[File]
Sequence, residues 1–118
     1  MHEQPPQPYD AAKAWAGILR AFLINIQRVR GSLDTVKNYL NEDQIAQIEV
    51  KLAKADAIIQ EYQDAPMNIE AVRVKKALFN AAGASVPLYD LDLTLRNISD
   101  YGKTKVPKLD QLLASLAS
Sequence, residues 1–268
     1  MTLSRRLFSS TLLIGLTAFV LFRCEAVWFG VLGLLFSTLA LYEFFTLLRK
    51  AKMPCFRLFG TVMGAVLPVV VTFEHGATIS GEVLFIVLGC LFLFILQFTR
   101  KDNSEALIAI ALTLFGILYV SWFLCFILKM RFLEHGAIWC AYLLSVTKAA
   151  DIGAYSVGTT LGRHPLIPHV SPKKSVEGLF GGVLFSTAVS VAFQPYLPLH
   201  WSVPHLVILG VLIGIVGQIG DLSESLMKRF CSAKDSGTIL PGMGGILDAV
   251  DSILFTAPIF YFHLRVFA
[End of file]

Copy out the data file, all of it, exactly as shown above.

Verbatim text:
Sequence, residues 1–118
     1  MHEQPPQPYD AAKAWAGILR AFLINIQRVR GSLDTVKNYL NEDQIAQIEV
    51  KLAKADAIIQ EYQDAPMNIE AVRVKKALFN AAGASVPLYD LDLTLRNISD
   101  YGKTKVPKLD QLLASLAS
Sequence, residues 1–268
     1  MTLSRRLFSS TLLIGLTAFV LFRCEAVWFG VLGLLFSTLA LYEFFTLLRK
    51  AKMPCFRLFG TVMGAVLPVV VTFEHGATIS GEVLFIVLGC LFLFILQFTR
   101  KDNSEALIAI ALTLFGILYV SWFLCFILKM RFLEHGAIWC AYLLSVTKAA
   151  DIGAYSVGTT LGRHPLIPHV SPKKSVEGLF GGVLFSTAVS VAFQPYLPLH
   201  WSVPHLVILG VLIGIVGQIG DLSESLMKRF CSAKDSGTIL PGMGGILDAV
   251  DSILFTAPIF YFHLRVFA